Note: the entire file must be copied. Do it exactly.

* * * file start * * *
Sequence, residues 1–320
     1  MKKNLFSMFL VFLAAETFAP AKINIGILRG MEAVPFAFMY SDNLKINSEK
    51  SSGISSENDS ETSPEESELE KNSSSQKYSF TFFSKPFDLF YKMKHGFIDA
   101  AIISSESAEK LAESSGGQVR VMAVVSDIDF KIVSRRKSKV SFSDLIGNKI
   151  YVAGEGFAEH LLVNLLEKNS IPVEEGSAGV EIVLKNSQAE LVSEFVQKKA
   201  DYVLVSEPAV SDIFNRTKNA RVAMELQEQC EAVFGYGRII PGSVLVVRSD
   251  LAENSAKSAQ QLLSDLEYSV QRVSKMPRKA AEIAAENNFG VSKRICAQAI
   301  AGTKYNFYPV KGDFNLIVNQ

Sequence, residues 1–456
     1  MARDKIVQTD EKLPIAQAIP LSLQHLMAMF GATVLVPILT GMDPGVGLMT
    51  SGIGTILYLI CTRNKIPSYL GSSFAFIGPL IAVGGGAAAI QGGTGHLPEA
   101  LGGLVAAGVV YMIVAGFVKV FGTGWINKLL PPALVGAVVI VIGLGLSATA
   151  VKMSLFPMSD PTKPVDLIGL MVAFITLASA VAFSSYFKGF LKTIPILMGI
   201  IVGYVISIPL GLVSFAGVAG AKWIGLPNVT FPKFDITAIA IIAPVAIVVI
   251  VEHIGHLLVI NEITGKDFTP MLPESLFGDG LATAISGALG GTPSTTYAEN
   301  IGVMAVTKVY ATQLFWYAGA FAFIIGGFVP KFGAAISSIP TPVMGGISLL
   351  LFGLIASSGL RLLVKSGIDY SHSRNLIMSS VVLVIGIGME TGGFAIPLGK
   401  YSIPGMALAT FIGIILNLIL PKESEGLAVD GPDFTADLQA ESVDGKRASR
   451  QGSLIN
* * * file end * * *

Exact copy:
Sequence, residues 1–320
     1  MKKNLFSMFL VFLAAETFAP AKINIGILRG MEAVPFAFMY SDNLKINSEK
    51  SSGISSENDS ETSPEESELE KNSSSQKYSF TFFSKPFDLF YKMKHGFIDA
   101  AIISSESAEK LAESSGGQVR VMAVVSDIDF KIVSRRKSKV SFSDLIGNKI
   151  YVAGEGFAEH LLVNLLEKNS IPVEEGSAGV EIVLKNSQAE LVSEFVQKKA
   201  DYVLVSEPAV SDIFNRTKNA RVAMELQEQC EAVFGYGRII PGSVLVVRSD
   251  LAENSAKSAQ QLLSDLEYSV QRVSKMPRKA AEIAAENNFG VSKRICAQAI
   301  AGTKYNFYPV KGDFNLIVNQ

Sequence, residues 1–456
     1  MARDKIVQTD EKLPIAQAIP LSLQHLMAMF GATVLVPILT GMDPGVGLMT
    51  SGIGTILYLI CTRNKIPSYL GSSFAFIGPL IAVGGGAAAI QGGTGHLPEA
   101  LGGLVAAGVV YMIVAGFVKV FGTGWINKLL PPALVGAVVI VIGLGLSATA
   151  VKMSLFPMSD PTKPVDLIGL MVAFITLASA VAFSSYFKGF LKTIPILMGI
   201  IVGYVISIPL GLVSFAGVAG AKWIGLPNVT FPKFDITAIA IIAPVAIVVI
   251  VEHIGHLLVI NEITGKDFTP MLPESLFGDG LATAISGALG GTPSTTYAEN
   301  IGVMAVTKVY ATQLFWYAGA FAFIIGGFVP KFGAAISSIP TPVMGGISLL
   351  LFGLIASSGL RLLVKSGIDY SHSRNLIMSS VVLVIGIGME TGGFAIPLGK
   401  YSIPGMALAT FIGIILNLIL PKESEGLAVD GPDFTADLQA ESVDGKRASR
   451  QGSLIN